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Woman Around Town: Lis Wiehl Finds Her Bliss

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Lis Wiehl, Fox News legal analyst and New York Times best-selling author, is a great role model for law students and young lawyers. Since graduating from Harvard Law School in the early 80’s, she’s had a career that has brought satisfaction, joy and reward. As she puts it paraphrasing mythologist and writer Joseph Campbell: “I have really followed my bliss.” In his writings, Campbell argued that if you follow your bliss (something that brings you profound satisfaction), you put yourself on a track that has been there all the while, waiting for you.

Growing up in Washington State, the daughter of a lawyer turned FBI agent and a Danish mother with a Ph.D. in English, “always correcting my grammar and essays,” Wiehl hadn’t heard of the Ivy League and never dreamt that one day she’d be living in New York, working as a legal analyst for a major news network.

Wiehl’s career path demonstrates the importance of brains, talent, timing and, following your bliss. After graduating from high school in Yakima, Washington, she attended a nearby community college where an interest in journalism prompted a professor to ask if she’d thought about seriously studying the subject. Naively, Wiehl contacted Columbia University where she was told, “Oh, you’re a woman, you want Barnard.” A meeting with a Barnard alum in Seattle, sent her on her way to New York – a place she had never even visited. After graduating from Barnard with a degree in English and Political Science, Wiehl headed to Harvard Law School. In between her first year of law school and graduation, she attended the University of Queensland (Australia) on a Rotary Scholarship, earning a Masters in Literature.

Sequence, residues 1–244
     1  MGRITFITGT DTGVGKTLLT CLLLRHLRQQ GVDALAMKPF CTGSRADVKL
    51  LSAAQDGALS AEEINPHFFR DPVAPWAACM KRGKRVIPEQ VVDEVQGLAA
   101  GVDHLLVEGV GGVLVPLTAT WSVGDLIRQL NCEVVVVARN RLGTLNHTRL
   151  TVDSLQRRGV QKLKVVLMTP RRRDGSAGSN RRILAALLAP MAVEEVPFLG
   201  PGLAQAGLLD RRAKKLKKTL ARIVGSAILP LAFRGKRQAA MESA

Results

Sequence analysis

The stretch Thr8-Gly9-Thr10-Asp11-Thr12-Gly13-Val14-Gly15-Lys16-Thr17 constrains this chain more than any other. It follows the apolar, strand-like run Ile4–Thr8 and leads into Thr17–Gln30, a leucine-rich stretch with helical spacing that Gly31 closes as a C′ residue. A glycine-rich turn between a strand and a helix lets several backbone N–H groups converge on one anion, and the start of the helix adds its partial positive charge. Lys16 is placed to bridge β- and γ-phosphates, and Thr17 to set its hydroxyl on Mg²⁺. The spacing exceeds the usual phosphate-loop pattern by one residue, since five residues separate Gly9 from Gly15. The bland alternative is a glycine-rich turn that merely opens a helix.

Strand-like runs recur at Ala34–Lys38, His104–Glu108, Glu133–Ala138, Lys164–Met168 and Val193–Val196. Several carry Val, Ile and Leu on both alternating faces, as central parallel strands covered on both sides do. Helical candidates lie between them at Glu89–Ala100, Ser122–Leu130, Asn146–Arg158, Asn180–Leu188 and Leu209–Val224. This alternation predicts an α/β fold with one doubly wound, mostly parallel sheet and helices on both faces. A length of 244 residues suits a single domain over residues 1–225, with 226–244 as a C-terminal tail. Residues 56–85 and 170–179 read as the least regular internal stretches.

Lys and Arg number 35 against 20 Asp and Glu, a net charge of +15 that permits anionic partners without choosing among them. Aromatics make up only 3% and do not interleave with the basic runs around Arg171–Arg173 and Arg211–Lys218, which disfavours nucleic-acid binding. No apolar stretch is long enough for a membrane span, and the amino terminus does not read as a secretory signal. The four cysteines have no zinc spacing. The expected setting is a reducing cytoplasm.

Following graduation, she worked as a well-paid litigation associate at a major law firm. While the salary was great, anyone who’s worked as a junior litigation associate at a big law firm knows the hours are long and the opportunity to go to court is limited. Optimism is a big part of Wiehl’s nature, however, and her career choices reflect both a strong practical bent and a focus on finding work she loves. As she explains, “At the law firm, the hours were long but I learned how to put a case together, which served me well in my next role as a federal prosecutor. After having my first child, I left the U.S. Attorney’s Office, to teach criminal law, evidence and a trial law program at the University of Washington Law School where the hours allowed me to spend more time with my infant son.”